Lesson Topics

Direct Object Pronouns: Part III

Notes:

  1. The written lesson is below.
  2. Links to quizzes, tests, etc. are to the left.

Remember, a direct object receives the action of the verb.

Bill hit the ball.
"Ball" receives the action of the verb "hit."

Sherry reads the book.
"Book" receives the action of the verb "reads."



And, the direct object can also be a person.

Sherry hit Bill.
(DO=Bill)



Also, remember that the direct object answers the question "what?" or "whom?" with regard to what the subject of the sentence is doing.

Bill hit the ball.
Bill hit what? The ball.

Sherry hit Bill.
Sherry hit whom? Bill.



Often, it is desirable to replace the name of the direct object with a pronoun.

Example 1

Paul bought the flowers. He took the flowers home and gave the flowers to his wife.

Example 2

Paul bought the flowers. He took them home and gave them to his wife.



When the pronoun replaces the name of the direct object, use the following pronouns:

me (me)
te (you-familiar)
lo, la (him, her, it, you-formal)

nos (us)
os (you-all-familiar)
los, las (them, you-all-formal)



When a sentence has two verbs, the first verb is conjugated and the second verb remains in the infinitive form.

poder
to be able

pagar
to pay

Puedo pagar diez pesos.
I am able to pay 10 pesos.

preferir
to prefer

hablar
to speak

Elena prefiere hablar español.
Elena prefers to speak Spanish.



In sentences with two verbs, there are two options regarding the placement of the direct object pronoun.

  1. Place it immediately before the conjugated verb.
  2. Attach it directly to the infinitive.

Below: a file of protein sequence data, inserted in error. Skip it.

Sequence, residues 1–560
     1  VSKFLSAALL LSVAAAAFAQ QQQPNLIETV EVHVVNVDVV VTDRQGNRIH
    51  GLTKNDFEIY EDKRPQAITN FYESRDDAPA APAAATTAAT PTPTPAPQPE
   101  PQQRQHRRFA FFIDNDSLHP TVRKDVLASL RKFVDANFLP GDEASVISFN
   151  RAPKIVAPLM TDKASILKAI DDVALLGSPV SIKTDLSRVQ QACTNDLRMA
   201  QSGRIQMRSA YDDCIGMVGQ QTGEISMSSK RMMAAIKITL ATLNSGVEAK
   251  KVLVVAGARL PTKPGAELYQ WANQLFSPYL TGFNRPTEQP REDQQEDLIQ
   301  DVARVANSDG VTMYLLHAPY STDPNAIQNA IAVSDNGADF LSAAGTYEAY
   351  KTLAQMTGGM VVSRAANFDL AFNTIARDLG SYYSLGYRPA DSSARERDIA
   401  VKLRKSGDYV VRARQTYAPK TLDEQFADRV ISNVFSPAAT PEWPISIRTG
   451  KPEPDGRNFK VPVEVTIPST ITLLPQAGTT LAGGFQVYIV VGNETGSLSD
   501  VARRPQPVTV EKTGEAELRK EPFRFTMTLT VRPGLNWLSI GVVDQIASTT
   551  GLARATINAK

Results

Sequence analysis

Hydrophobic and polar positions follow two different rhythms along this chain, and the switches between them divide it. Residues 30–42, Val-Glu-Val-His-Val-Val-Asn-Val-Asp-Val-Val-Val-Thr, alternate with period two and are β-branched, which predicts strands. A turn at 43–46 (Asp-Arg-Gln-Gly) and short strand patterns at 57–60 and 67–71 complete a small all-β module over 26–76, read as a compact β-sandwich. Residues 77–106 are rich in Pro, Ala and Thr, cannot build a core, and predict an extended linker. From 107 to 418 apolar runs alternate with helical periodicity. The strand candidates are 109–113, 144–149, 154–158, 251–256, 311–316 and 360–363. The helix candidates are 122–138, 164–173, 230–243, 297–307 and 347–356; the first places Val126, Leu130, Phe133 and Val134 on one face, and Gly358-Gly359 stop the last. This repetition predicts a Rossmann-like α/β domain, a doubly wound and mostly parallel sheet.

Here are examples of the direct object pronoun placed before the conjugated verb:

Lo quiero ver.
I want to see it.

Lo debemos comprar.
We should buy it.

María nos debe visitar.
Mary should visit us.

Juan lo necesita lavar.
John needs to wash it.



Here are examples of the direct object pronoun attached directly to the infinitive:

Quiero verlo.
I want to see it.

Debemos comprarlo.
We should buy it.

María debe visitarnos.
Mary should visit us.

Juan necesita lavarlo.
John needs to wash it.



Here are the two methods side by side. Neither method is "better" than the other.

Lo quiero ver.
Quiero verlo.
I want to see it.

Lo debemos comprar.
Debemos comprarlo.
We should buy it.

María nos debe visitar.
María debe visitarnos.
Mary should visit us.

Juan lo necesita lavar.
Juan necesita lavarlo.
John needs to wash it.



These same rules apply for questions and negative statements.

¿Lo debemos comprar?
¿Debemos comprarlo?
Should we buy it?

Juan no lo necesita lavar.
Juan no necesita lavarlo.
John doesn't need to wash it.

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